Brooklyn-based cellist Clarice Jensen’s gorgeous sophomore album and first for FatCat’s pioneering 130701 imprint, ‘The experience of repetition as death’, was recorded and mixed by Francesco Donadello at Vox-Ton studios in Berlin in late 2018 and mastered by Rafael Anton Irisarri. Following up her hugely impressive 2018 debut, ‘For This From That Will Be Filled’ , which included collaborations with Jóhann Jóhannsson and Michael Harrison, all of the material on this new album was written and performed by Clarice alone and all of the sounds on it were created with a cello through a variety of effects and effects pedals.
An outstanding musician, Clarice has recorded and performed for a host of stellar artists including Jóhann Jóhannsson, Max Richter, Björk, Arcade Fire, Nick Cave, Jónsi, Stars of the Lid, Dustin O’Halloran, Joanna Newsom, Nico Muhly, Dirty Projectors, Frightened Rabbit and Beirut. As the artistic director of ACME (the American Contemporary Music Ensemble), she’s helped bring to life some of the most revered works of modern classical music, and as a solo artist has developed a distinctive compositional approach - improvising and layering her instrument through loops and a chain of electronic effects to open out a series of rich, drone-based sound fields. Forging a very elegant and precise vision, her music has been described by Self-Titled as “incredibly powerful neo-classical pieces that seem to come straight from another astral plane” and by Boomkat as “languorously void-touching ideas, scaling and sustaining a sublime tension”. Her debut album was released in 2018 on Miasmah and followed in September 2019 by the ‘Drone Studies’ cassette EP on Geographic North. Receiving glowing critical acclaim, both releases made it into Pitchfork's end of year charts.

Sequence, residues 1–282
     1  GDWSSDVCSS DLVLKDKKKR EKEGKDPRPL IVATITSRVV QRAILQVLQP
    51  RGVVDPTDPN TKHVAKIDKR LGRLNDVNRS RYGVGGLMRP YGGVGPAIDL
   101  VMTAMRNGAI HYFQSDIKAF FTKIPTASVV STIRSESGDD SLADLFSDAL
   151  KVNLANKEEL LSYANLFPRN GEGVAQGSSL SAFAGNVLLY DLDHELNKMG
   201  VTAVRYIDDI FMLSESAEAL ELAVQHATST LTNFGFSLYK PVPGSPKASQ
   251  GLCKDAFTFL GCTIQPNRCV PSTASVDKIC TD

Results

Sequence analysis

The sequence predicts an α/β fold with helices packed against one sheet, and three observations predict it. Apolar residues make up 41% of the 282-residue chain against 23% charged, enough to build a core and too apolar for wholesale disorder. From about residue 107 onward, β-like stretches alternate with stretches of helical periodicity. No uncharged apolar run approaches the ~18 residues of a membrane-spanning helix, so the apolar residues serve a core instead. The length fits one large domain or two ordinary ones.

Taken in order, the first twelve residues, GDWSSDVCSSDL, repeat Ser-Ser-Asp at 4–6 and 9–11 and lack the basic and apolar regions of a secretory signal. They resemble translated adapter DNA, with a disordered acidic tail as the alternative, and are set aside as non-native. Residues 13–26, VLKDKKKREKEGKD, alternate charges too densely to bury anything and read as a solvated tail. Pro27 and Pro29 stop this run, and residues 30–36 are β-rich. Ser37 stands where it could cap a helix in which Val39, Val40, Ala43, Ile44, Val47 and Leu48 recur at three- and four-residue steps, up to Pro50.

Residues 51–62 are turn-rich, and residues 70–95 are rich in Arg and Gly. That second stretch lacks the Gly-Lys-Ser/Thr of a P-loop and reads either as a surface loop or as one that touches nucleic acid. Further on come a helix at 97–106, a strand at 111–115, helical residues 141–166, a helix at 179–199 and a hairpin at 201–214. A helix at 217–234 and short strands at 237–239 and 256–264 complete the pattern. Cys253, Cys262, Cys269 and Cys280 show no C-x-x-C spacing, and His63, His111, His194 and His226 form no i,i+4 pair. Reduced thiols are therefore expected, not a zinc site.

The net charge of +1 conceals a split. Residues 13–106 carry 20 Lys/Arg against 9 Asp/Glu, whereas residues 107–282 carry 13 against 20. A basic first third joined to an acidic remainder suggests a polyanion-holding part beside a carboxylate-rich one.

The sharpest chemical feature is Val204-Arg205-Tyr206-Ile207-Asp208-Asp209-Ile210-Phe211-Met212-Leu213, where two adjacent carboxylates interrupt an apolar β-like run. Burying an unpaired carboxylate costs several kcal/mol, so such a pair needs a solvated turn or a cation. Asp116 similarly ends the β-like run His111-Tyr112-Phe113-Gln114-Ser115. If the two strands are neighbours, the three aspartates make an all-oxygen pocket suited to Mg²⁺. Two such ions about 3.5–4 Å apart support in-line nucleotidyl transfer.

Expanding her sound again, ‘The experience of repetition as death’ is a warm, deep and cyclical album that explores notions of repetition in both its conceptual underpinning and musical structure. Unlike the easily readable step builds and grid-locked looping of so many artists using the looper as a compositional tool, Clarice’s loops slide across one another in organically morphing structures; align and intersect at different moments, yielding a kind of aleatoric yet minimal counterpoint, with joins overlaid in ways that appear seamless and sophisticated. Where her live performance relies heavily upon the use of loop pedals, in the studio she and Donadello recorded much of the material onto tape to create a series of physical loops. There’s something oceanic in the immensity of the resulting work - in the ebb and flow of her sound and the way it builds and dissipates through swelling and wave reflection.
2. Day tonight
1. Holy Mother